xsl:element generates an extra linebreak

In a previous post I’ve described how you can generate dynamic output elements with xsl:element instruction. Unfortunately, the xsl:element generates a newline before the element name (in Saxon and in MSXML) if you use HTML output (xsl:output with method=’html’), resulting in extra line breaks in Blogger (I was developing Word-to-Blogger converter). The only workaround is to use the method=’xml’ with no XML declaration:

<xsl:output method=’xml’ omit-xml-declaration=’yes’)

I didn’t want to have the <?xml ?> heading in the document as I’m pasting the transformation results straight into Blogger.

Query-string-based revision control

One of the easy ways to improve the perceived response time of your web site is to ensure that your web server sets explicit Expires: HTTP header on the static web page components (JavaScript libraries, CSS files, images …), thus reducing the number of HTTP requests sent by the browser. However, if you change your JavaScript code or CSS, your visitors could be stuck with the old version for a long time.

If you use static HTML and a decent development environment, you can easily rename the JavaScript or CSS files (and the HTML pages get updated as a side effect). For more complex environments, you could use an easy trick: append the revision number as a query string after the file name:

<link href="myStyle.css?57” rel="stylesheet" type="text/css" />
<script src="myCode.js?42" type="text/javascript"></script>

Most web servers ignore the query string after the name of a static file, but the browsers perform the caching on whole URL (so x.js?1 is different from x.js?2).

When boolean logic has a maybe value

When doing Word-to-Blogger conversion, I wanted to identify a group of code paragraphs and convert them into a single PRE element (Word-to-MediaWiki is simpler, as you just prepend a single space to the text and MediaWiki merges all code lines together). The original idea was pretty simple:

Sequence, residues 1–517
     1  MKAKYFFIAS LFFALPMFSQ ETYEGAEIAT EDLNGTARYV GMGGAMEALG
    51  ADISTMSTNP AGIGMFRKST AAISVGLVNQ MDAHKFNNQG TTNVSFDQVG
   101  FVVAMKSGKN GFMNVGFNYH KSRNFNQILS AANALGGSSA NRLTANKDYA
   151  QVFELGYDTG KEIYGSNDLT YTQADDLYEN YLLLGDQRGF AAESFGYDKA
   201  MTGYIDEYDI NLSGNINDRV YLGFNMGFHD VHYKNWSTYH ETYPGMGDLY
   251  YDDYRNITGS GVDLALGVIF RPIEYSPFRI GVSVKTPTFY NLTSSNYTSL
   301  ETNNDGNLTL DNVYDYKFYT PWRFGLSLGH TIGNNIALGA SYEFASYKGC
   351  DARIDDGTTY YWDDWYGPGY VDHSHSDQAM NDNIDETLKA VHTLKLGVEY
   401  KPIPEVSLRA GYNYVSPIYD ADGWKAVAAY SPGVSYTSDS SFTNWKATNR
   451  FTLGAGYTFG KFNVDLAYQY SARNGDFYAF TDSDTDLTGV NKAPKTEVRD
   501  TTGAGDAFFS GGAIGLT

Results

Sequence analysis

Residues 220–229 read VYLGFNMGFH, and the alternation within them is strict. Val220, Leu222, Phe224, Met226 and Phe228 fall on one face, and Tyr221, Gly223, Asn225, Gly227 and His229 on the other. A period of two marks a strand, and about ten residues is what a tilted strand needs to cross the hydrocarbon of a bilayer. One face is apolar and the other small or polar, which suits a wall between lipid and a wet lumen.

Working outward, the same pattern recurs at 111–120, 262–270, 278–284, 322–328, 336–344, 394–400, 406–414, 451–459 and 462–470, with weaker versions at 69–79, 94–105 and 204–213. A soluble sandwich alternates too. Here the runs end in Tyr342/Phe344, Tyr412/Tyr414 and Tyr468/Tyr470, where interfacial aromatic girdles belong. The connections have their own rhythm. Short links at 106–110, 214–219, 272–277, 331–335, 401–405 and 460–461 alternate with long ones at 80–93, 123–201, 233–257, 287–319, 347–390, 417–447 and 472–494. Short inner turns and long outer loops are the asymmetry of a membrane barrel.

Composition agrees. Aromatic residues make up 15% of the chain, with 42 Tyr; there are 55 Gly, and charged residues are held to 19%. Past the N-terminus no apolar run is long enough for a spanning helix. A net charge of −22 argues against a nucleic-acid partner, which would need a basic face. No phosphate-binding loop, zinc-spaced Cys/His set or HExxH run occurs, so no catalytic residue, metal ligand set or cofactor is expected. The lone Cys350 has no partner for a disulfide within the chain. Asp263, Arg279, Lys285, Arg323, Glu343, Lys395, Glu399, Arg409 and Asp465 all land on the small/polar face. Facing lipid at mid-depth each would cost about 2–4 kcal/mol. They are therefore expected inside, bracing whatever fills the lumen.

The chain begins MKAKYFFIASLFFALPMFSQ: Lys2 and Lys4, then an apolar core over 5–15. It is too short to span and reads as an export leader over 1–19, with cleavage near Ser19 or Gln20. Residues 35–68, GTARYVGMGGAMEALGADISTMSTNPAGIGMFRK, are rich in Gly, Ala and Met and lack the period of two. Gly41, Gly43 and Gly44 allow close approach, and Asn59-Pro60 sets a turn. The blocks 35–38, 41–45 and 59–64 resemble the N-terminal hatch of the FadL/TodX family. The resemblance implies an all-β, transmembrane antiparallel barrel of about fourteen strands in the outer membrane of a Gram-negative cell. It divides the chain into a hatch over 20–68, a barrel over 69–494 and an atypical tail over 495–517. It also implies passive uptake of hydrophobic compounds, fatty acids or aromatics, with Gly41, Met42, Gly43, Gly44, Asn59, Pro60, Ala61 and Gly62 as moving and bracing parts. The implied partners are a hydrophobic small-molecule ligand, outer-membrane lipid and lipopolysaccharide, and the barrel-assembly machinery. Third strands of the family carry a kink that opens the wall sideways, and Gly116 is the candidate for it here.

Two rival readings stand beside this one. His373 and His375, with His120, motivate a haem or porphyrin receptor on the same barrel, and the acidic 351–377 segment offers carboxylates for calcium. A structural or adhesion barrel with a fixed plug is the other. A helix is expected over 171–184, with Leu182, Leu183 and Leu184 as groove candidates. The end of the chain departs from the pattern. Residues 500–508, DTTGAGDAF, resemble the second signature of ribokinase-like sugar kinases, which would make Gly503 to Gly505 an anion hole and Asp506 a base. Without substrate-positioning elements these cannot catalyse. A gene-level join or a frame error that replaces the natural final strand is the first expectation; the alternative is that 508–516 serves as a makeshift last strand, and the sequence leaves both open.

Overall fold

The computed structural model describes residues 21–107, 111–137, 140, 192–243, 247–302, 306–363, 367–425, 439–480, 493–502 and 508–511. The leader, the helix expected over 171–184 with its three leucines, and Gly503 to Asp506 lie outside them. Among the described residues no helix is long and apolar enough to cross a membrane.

• Match w:p elements with w:pPr/w:style/@w:val = 'code';
  • Check if the previous w:p element also has code style, if not, emit the PRE element and handle the whole group of code paragraphs.

The initial code worked ...

<xsl:template match="w:p[w:pPr/w:pStyle/@w:val = 'code']">
  <xsl:if test="preceding-sibling::w:p[1]/w:pPr/w:pStyle/@w:val != 'code'">
    <pre class='{w:pPr/w:pStyle/@w:val}'>
      <xsl:apply-templates select='.' mode="pre" />

... but only until I've decided to add a border around the code style in Word. The border creates a wx:pBdrGroup in WordProcessingML ...

... and the xsl:if test fails if there is no preceding w:p element. To make the code work, I had to reverse the test condition and add a not at the beginning:

<xsl:template match="w:p[w:pPr/w:pStyle/@w:val = 'code']">
  <xsl:if test="not(preceding-sibling::w:p[1]/w:pPr/w:pStyle/@w:val = 'code')">
... rest of code ...

Automatic generation of HTML/WikiMarkup from Word

After developing the XSLT translations that convert WordProcessingML (Microsoft Word XML) into desired HTML or MediaWiki markup, I wanted to integrate them tightly into Word, so I wrote a Word macro that automatically:
  • Performs the conversion using the specified XSLT file;
  • Opens the new document as text;
  • Selects the converted text and copies it to the clipboard;
  • Reopens the original file;
  • Informs the user that the clipboard contains converted text, ready to be pasted into Blogger or MediaWiki.

Here is the source code for the macros:

Sub SaveAsWiki()
' SaveAsWiki Macro
' Save Word document as Wiki markup
    ConvertWithXSL "createWikiMarkup.xsl"
    MsgBox "The Wiki Markup is on the clipboard", vbOKOnly, "Done"
End Sub

Sub SaveAsBlogger()
' SaveAsBlogger: save word document as blogger-optimized HTML markup
    ConvertWithXSL "createBloggerMarkup.xsl"
    MsgBox "The Blogger Markup is on the clipboard", vbOKOnly, "Done"
End Sub